Now that the Dutch are back to work more often, traffic jams are back. Last week, according to the Mobility Alliance, traffic congestion was above the level for the same period in 2019. The partnership states that opportunities for widespread passenger flows are not being taken advantage of.
On Friday afternoon around 4:30 there were 650 kilometers of traffic jams, making it the busiest rush hour this year so far, according to ANWB. The congestion is partly due to the closure of the A12 motorway, an important arterial road.
But travelers are still falling back into old patterns, the Mobility Alliance has pointed out, and the positive effects of the Corona crisis on our mobility are disappearing. “Despite all the warnings, it seems we have learned nothing from the Corona crisis,” Chairman Steven van Eijk said in a press release about the growing crowds.
said the head of the partnership, which includes NS, Transport & Logistiek Nederland, Bovag and ANWB. Be a part of.
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The Mobility Alliance deplores the lack of concrete agreements on mobility, despite previous indications of future problems with traffic. In addition to more travel flexibility, the union also called for investment in existing public transport capacity and maintenance of existing infrastructure. They are “indispensable for facilitating proliferation,” according to the association.
Van Eijk also points to the budget day cut, which, according to him, there is talk of investing in housing, but “insufficiently about how to get to those homes and stores in the future.”
The turning point was last Monday. The first working day after the relaxation of Corona procedures
Planning office: fewer traffic jams
The Netherlands Environmental Assessment Agency recently painted a very different picture. According to the PBL, there will also be fewer traffic jams in the long run because more people will continue to work from home. PBL advised the government to take a close look at the planned billions of investments in the road network and public transport due to changing travel behaviour.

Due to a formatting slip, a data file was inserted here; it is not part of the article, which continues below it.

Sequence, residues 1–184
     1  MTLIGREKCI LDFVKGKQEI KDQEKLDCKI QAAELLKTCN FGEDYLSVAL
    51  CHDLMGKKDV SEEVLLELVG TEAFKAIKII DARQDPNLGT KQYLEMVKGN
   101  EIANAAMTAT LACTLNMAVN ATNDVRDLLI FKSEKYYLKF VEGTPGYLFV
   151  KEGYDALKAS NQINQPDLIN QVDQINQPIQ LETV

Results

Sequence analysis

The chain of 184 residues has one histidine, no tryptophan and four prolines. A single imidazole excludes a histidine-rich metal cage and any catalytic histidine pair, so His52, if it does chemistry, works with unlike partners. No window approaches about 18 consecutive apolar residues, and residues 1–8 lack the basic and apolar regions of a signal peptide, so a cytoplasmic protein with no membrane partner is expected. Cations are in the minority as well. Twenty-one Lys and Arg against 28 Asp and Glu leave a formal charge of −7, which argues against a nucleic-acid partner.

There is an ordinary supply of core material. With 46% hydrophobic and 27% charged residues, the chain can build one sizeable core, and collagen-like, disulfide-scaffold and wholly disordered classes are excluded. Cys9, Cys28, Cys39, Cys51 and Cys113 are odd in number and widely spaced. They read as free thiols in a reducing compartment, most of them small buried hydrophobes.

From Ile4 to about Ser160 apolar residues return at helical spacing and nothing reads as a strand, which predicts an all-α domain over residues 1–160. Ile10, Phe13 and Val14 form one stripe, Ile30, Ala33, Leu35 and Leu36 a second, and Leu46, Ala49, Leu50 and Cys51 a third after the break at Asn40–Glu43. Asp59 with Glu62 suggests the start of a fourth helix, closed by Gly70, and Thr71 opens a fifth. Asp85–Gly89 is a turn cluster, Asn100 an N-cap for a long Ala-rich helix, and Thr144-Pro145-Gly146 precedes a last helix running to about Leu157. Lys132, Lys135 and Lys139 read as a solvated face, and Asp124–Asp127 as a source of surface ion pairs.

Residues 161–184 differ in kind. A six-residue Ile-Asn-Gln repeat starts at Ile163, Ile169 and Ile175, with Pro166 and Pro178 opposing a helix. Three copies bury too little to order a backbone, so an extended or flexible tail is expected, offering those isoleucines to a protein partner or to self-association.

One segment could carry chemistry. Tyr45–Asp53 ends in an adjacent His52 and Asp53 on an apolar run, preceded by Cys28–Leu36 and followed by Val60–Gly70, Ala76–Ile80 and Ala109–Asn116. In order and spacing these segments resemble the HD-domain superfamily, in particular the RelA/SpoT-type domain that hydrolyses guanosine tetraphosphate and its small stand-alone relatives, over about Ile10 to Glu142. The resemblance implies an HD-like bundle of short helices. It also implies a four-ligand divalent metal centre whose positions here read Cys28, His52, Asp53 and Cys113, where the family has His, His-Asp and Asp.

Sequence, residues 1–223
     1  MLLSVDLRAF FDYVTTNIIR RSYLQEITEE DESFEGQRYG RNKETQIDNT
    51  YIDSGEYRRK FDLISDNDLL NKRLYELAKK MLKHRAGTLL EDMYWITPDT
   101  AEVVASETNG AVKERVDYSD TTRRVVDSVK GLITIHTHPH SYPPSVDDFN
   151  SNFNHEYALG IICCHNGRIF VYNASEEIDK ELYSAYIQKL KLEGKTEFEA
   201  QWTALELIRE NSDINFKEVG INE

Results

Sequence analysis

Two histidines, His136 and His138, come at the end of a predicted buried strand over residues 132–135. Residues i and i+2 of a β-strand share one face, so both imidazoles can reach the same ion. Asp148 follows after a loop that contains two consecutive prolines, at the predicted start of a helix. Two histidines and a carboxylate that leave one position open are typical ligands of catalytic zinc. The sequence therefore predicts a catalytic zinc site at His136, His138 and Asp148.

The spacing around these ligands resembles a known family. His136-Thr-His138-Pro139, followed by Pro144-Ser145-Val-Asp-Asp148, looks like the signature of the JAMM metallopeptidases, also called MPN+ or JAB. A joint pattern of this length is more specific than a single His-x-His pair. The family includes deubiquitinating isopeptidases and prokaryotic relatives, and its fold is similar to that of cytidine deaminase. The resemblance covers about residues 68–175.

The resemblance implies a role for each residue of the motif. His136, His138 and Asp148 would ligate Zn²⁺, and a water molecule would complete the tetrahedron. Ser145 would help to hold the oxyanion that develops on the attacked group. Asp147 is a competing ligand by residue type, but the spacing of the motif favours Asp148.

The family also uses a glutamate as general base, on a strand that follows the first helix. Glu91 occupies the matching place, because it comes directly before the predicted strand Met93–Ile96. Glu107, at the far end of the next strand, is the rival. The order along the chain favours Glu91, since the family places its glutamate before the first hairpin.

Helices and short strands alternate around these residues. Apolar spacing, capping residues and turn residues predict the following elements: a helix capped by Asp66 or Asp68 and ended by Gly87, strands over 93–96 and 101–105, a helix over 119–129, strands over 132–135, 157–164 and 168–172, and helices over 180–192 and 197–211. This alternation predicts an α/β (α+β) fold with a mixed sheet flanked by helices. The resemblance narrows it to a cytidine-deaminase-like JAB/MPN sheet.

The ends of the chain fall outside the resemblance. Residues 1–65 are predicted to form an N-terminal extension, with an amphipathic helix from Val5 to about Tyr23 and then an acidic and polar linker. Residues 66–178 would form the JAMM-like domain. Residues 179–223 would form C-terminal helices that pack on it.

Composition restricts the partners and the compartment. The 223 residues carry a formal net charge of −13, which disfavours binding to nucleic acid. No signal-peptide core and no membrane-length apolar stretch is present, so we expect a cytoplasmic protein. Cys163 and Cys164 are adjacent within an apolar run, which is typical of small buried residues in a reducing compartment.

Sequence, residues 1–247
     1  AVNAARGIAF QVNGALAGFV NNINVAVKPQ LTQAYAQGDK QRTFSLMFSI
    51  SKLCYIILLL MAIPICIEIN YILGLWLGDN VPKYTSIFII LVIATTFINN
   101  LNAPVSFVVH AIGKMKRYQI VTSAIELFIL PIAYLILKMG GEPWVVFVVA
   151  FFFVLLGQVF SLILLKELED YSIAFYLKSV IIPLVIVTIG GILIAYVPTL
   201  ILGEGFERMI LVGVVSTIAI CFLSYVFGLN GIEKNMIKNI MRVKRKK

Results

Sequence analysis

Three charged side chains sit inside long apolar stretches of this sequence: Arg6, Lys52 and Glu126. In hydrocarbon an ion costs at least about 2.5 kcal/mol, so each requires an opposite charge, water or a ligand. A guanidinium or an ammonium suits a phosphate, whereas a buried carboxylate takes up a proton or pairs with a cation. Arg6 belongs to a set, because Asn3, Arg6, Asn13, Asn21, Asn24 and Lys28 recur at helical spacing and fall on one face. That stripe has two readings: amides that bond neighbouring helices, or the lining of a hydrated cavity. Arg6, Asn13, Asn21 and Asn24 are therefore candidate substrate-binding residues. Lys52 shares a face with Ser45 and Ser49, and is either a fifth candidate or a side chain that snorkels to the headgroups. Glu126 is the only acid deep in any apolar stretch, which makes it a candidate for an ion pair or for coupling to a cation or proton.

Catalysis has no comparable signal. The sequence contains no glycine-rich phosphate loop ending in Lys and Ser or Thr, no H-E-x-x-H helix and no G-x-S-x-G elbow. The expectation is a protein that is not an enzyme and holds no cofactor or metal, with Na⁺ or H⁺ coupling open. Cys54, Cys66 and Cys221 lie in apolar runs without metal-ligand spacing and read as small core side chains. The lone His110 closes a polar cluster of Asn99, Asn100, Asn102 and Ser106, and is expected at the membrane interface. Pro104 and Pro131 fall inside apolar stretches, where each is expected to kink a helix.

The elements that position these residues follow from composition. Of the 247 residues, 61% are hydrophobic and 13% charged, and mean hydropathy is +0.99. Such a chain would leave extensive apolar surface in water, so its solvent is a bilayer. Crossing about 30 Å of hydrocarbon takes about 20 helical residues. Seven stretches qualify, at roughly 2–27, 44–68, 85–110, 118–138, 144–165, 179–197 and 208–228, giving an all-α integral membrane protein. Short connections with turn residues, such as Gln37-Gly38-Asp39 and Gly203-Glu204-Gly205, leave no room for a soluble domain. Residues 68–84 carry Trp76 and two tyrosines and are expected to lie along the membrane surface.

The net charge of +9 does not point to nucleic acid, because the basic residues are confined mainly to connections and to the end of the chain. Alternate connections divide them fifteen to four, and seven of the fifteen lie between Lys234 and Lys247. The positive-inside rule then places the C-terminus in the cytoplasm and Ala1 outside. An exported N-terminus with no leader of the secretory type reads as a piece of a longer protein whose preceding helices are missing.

In response, the Mobility Alliance, along with employers and business associations VNO-NCW and MKB-Nederland, have already indicated a growth in both the economy and the population, which will increase demand for public transport and create more traffic. PBL would not have included this in its calculations.
The ANWB also noted this week that traffic jams are returning on Dutch highways. The turning point was last Monday; Arno Bruges of ANWB Traffic Information said it was the first working day after the coronavirus measures were eased. Brabants Dagblad. Until then, the number of traffic jams across the country had been halved, Broekhuis says. “Until last week it was much less. The difference with the last few days is huge. I can tell the traffic jam is back explosively. I am very surprised that we have to deal with busy strikers again so quickly.”
In the same article, traffic psychologist Gerard Tartulin wondered if we were secretly enjoying traffic jams. As a form of self-flagellation. Otherwise, I can’t explain why we’ve already fallen back into the old style. Of course there are always exceptions that have to hit the road during rush hour, but that’s a small group. A very large percentage of motorists choose it themselves, and you no longer have to feel sorry for traffic jam drivers. personal error. Unless you have a boss asking you to come to the office at a specific time.”
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